A friend asked me a while back what I did to ease depression. I said, “I watch The Big Bang Theory.” She thought I was being flippant. I wasn’t. During some of the recent hardest times of my life, I’ve taped and watched three or four a day, sometimes all at once. Sometimes spread out over twelve hours. I always feel better after a good laugh after Soft Kittie or Knock, knock, knock, Penny . . . “. And yes, I know this is almost the same as my first paragraph last week, but I really love this show.
1. Laughter can induce physical changes. In increased the intake of oxygen-rich air, stimulates heart and muscles, and increases the level of endorphins released by your brain. It cools down your stress response, soothes tension and aids muscle relaxation.
2. Over the long run, laughter may improve your immune system, relieve pain, make it easier for you to cope with tough times and improved you mood.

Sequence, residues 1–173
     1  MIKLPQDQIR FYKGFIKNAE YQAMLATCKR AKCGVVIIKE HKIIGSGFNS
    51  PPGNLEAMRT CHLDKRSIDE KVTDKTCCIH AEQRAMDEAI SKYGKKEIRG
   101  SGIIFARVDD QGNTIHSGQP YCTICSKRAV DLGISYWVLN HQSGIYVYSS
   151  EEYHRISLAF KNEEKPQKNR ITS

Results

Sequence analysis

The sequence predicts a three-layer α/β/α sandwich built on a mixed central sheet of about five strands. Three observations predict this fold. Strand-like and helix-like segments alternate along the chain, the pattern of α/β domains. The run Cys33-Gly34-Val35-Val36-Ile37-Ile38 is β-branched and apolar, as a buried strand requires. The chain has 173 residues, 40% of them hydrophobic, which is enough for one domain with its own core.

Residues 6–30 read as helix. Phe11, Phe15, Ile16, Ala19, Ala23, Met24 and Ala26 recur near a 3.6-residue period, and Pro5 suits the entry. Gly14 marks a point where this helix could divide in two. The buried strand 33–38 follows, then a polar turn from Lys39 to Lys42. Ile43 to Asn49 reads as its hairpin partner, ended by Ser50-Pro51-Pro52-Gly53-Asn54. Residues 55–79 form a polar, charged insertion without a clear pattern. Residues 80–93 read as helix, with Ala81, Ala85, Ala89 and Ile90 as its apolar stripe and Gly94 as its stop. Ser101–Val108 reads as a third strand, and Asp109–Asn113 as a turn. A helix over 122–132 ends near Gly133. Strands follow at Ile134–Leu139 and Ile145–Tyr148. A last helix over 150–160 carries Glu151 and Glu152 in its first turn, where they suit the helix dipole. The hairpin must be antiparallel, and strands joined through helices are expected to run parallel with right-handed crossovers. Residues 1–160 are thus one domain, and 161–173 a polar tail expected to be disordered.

So today I decided to make some suggestions–as well as watching funny programs and movies–about how to feel better through the free and always available use of medicinal laughter.
1. Listen to upbeat music. I can’t listen to Pharrel Williams’ Happy without at least smiling and clapping. Dancing would really get the blood flowing.
3. Okay, this is really weird but it worked. I bought a Tickle-me-Elmo because hearing him laugh makes me laugh. Watching the cats trying to figure out where that sound is coming from is also amusing.
4. I’ve learned not to watch depressing movies or read literature in which everyone dies at the end. I know these will be depressing. Instead, when I’m feeling greatly stressed, I read the wonderful books by James Herriot, gently and humorous or something by Kristin Higgins or Georgette Heyer or Katie Graykowski.
5. Pet a cat, walk a dog, chat with a bird.
These thoughts are unique to me but I’ve learned they help me. I don’t dismiss the importance of counseling and medication, of faith and friendship nor do I think this will heal depression. However, I truly believe laughter can help greatly.
What would you recommend to a friend whose feeling depressed? Does laughter help you?